A Look at the American Institute of Architects (AIA-NYC) Building a Better City

This year marks the 150th anniversary of the American Institute of Architects' first (and largest) chapter—its New York Chapter, founded in 1857.

Like any successful organization, the AIA-NYC chapter has changed with the times. It started with only 29 members, but today, there are over 4,000 practicing architects, allied professionals, students, and public members interested in architecture and design involved with the organization. Since its inception, through the creation of various architectural contract forms and the establishment of educational classes and licensing, the AIA has been at the forefront of change and creation in its industry.

Now as the flourishing chapter faces its future, there are always pressing issues to address—including the creation of a more environmentally-friendly America and the immense growth of the chapter and its need for volunteer support—while still maintaining the organization's main objectives.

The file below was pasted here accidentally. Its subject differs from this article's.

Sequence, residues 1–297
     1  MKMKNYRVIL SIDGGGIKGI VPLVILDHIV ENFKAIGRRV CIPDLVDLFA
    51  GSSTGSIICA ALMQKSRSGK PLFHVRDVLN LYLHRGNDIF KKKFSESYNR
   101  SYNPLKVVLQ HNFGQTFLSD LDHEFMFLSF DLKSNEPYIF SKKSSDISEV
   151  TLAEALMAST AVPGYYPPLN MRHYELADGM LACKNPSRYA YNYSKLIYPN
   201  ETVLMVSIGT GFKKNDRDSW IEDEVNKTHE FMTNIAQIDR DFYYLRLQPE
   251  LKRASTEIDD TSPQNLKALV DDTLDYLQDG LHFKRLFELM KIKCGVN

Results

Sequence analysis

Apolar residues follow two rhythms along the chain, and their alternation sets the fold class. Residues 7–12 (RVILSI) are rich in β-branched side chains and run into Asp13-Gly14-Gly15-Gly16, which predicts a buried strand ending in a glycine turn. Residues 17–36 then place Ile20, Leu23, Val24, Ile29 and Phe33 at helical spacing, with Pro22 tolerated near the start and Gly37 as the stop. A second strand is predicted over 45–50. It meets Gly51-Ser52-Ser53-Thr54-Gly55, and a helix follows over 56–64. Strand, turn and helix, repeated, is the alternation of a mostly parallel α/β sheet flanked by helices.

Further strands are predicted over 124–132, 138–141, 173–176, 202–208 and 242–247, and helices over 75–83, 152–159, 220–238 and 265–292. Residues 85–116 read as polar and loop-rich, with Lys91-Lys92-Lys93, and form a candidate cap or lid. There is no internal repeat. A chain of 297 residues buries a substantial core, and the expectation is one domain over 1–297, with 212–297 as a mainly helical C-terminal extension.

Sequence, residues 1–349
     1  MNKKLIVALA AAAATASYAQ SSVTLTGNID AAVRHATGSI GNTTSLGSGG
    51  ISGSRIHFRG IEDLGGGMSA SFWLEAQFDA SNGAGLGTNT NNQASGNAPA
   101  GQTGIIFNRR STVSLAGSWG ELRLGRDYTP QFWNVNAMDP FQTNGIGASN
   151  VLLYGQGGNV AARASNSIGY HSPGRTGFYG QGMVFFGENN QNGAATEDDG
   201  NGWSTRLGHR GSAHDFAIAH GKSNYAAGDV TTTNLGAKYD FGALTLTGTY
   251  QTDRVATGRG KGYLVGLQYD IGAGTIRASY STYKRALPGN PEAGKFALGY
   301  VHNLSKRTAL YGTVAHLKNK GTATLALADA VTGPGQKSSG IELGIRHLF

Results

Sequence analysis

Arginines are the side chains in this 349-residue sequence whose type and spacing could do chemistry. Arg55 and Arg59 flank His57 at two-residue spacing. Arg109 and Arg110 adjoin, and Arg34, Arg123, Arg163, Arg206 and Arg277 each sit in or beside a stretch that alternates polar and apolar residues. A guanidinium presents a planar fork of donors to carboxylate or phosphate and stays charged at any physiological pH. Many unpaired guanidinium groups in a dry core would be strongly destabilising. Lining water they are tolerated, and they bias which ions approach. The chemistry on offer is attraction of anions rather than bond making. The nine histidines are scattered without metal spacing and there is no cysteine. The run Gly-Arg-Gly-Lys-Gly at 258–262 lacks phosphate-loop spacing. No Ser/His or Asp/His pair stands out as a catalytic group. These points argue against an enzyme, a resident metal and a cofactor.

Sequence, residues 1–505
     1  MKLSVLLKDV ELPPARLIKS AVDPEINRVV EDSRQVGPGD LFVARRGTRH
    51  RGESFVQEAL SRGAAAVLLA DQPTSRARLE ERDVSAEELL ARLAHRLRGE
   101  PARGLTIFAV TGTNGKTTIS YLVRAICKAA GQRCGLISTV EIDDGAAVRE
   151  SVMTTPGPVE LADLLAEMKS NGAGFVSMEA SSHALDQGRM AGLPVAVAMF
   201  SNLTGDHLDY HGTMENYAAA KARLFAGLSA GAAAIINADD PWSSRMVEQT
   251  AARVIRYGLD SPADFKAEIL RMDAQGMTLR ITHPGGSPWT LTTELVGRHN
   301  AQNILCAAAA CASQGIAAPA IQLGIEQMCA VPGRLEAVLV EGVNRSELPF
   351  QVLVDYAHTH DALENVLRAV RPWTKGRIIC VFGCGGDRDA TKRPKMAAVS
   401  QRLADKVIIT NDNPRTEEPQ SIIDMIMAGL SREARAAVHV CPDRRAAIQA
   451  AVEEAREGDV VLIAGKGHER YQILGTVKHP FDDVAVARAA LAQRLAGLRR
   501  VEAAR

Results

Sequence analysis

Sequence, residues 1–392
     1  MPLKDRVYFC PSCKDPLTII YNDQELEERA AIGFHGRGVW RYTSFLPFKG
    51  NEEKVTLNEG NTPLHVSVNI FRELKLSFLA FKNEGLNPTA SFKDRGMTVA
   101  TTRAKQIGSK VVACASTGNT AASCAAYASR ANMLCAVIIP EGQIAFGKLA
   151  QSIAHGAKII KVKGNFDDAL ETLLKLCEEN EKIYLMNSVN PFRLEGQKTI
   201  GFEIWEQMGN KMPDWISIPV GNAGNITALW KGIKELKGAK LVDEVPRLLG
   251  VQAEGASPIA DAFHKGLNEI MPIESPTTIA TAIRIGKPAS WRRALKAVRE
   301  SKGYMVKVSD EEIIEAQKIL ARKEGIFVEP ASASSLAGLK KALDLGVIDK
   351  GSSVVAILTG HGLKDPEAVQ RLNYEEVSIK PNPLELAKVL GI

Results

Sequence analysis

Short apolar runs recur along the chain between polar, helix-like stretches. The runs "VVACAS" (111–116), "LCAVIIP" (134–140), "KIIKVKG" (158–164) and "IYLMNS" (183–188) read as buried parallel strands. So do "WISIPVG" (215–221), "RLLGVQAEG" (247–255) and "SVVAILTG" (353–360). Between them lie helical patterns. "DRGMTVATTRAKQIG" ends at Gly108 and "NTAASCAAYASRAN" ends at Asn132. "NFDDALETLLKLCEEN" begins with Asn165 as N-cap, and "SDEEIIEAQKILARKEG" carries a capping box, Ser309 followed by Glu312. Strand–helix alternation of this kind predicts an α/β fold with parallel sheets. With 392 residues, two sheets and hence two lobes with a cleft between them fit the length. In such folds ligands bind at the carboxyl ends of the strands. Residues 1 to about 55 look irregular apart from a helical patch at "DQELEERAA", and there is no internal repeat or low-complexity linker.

Many Members, Many Roles

"The AIA advocates for and helps assure the design quality, livability and sustainability of our buildings and communities," says Rick Bell, AIA-NYC's executive director. "This means that where and how we all live is made safer, healthier and more pleasing by the intervention of architects who learn from each other by sharing knowledge and best practices. Architects care passionately about design, and the impact that design may have on improving people's lives."

According to Bell, the New York City chapter is dedicated to achieving three goals—design excellence, public outreach and professional development.


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